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What to Expect From ECB Rate Decision

Thursday, 16 July 2015
Jonathan Ferro
Bloomberg's Jonathan Ferro previews the ECB rate decision. University of California Berkeley Professor Barry Eichengreen also speaks on "Bloomberg Surveillance."

La historia inacabada del euro

Monday, 13 July 2015
Juan Manuel Moreno-Luque
Paul Jenkins, taking the example of the Canadian provinces, in a book published in 1997 by the IMF, comments that markets would penalize the weakest imposing prohibitive interest or refuse to lend.

Behind the scenes at the IMF on a fateful day in the Greek crisis

Tuesday, 7 July 2015
Ever since Greece received its first giant package of emergency loans in May 2010, the International Monetary Fund has come under criticism for joining a rescue effort that flopped at saving the Greek economy from disaster. Most controversially, the IMF changed one of its own rules designed to keep it from piling more loans atop countries with potentially unpayable debts.

Speaking the Same Language: Climate Change and Finance Policy

Monday, 6 July 2015
On July 2, 2015 at the South African Institute for International Affairs (SAIIA) in Johannesburg, CIGI co-hosted a workshop on ‘Global Sustainability, Climate Change and Finance Policy’ from a South African perspective.

Prioritizing International Monetary and Financial Cooperation for the G20: Views from the T20

Friday, 12 June 2015
This policy brief is a stock-taking of the proceedings of the Think 20 conference held in Ottawa on May 3–5, 2015, and co-hosted by the Centre for International Governance Innovation and The Economic Policy Research Foundation of Turkey. The meeting involved representatives of think tanks from G20 countries, leading international experts and a number of senior officials.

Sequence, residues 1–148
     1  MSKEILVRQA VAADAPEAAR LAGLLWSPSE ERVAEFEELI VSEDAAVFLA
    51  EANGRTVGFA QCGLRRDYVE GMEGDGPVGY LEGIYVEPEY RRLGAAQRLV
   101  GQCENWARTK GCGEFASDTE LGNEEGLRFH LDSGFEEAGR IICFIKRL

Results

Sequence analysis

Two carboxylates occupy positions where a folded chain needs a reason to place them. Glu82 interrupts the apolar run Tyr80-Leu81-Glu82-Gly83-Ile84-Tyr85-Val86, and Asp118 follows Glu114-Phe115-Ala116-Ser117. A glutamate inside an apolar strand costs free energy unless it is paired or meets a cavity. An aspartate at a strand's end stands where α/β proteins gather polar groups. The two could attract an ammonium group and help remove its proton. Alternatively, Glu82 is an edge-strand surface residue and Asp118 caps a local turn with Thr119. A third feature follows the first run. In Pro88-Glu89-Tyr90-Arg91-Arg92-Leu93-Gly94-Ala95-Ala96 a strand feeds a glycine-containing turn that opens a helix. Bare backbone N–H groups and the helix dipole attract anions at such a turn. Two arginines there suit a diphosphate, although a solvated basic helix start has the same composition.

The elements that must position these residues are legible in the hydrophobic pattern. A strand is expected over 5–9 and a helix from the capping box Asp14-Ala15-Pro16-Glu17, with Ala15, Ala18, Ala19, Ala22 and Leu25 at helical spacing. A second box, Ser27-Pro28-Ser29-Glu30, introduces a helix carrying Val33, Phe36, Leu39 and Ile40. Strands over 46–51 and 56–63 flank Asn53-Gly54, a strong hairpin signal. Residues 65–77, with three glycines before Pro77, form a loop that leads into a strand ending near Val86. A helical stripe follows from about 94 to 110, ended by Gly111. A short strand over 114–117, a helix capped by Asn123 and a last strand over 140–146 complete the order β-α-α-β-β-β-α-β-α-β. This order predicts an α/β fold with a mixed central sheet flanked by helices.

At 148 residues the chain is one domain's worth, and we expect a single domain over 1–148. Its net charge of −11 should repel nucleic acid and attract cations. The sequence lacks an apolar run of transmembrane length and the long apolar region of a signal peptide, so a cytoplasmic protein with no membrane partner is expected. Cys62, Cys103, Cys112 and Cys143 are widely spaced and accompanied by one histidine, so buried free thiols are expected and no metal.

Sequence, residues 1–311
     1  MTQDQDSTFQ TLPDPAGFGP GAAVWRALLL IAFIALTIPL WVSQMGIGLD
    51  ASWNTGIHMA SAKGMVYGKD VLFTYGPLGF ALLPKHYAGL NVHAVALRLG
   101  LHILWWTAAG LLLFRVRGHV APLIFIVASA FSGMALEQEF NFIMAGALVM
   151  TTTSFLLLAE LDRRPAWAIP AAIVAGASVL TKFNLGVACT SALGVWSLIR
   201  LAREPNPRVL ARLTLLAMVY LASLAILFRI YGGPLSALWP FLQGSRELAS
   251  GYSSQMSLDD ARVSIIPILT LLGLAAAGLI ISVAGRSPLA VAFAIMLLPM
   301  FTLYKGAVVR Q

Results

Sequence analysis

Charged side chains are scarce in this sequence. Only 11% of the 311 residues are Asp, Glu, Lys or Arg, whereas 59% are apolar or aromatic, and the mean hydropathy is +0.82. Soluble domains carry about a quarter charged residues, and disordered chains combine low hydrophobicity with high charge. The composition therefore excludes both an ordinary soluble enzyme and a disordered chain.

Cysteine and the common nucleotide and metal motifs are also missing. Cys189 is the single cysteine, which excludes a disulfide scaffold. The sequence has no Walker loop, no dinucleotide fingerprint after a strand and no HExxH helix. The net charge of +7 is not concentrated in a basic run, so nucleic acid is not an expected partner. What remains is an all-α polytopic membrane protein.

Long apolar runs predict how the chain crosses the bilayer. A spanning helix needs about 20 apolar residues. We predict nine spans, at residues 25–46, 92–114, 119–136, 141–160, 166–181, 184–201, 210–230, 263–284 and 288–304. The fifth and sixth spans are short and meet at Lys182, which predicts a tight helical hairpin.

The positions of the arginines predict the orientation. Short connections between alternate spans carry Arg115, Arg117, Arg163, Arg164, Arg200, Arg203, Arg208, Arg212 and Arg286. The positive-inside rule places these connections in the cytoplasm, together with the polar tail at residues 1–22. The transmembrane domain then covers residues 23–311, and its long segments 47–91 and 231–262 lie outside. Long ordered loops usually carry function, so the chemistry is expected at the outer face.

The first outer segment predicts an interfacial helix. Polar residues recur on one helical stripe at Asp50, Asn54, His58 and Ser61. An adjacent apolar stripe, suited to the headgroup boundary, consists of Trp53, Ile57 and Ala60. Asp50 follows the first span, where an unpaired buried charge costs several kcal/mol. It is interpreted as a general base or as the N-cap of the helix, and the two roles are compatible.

European Banking Union, Three Years On

Thursday, 11 June 2015
Banking union involves the transfer of authority over banking policy from the national to the European level. This paper describes the rationale for banking union, four key pieces of legislation that constitute its legal foundation and two mechanism that form its key pillars.

Industrial policy revisited

Tuesday, 9 June 2015
Policy fads can be as fickle as fashion trends. Many years ago, industrial policy was all the rage. Proponents argued that "strategic" interventions in key industries could foster development and spur growth. Japan, with its mighty Ministry of International Trade and Industry (MITI) was held up as a model. And books with titles such as "Japan as Number One" warned ominously that countries failing to identify and support strategic sectors would risk falling progressively behind.

The American Idea that is Guiding China’s Governance Model for the AIIB

Monday, 8 June 2015
In the first year he was treasury secretary, Henry Paulson went to China at least four times. His was on a mission to take relations to another level. (His mission changed abruptly in the autumn of 2008.)

Mexican Perspectives on Sovereign Debt Management and Restructuring

Wednesday, 27 May 2015
On April 22, 2015, CIGI’s Global Economy Program co-hosted a workshop with the Mexican Council on Foreign Relations to discuss Mexican perspectives on sovereign debt restructuring. Taking place in Mexico City, the workshop featured expert participants from the public and private sectors, as well as think tanks and academia. This policy brief reviews and elaborates on key themes from the discussions.

Infrastructure, Secular Stagnation, and the Waiting for Godot Economy

Monday, 25 May 2015
A previous post, here, highlighted the very low interest rates that prevail in the “waiting for Godot” global economy. These rates may reflect a post-crisis, paradox of thrift economy, with uncertainty about the future raising savings, driving interest rates down, and retarding investment. Historically low interest rates are indicative of savings in excess of investment. If the global economy was at or above full employment, we could be reasonably confident in saying that the problem was too much investment; with the global continuing to labour under a chronic insufficient global aggregate demand, the problem may be too little investment.
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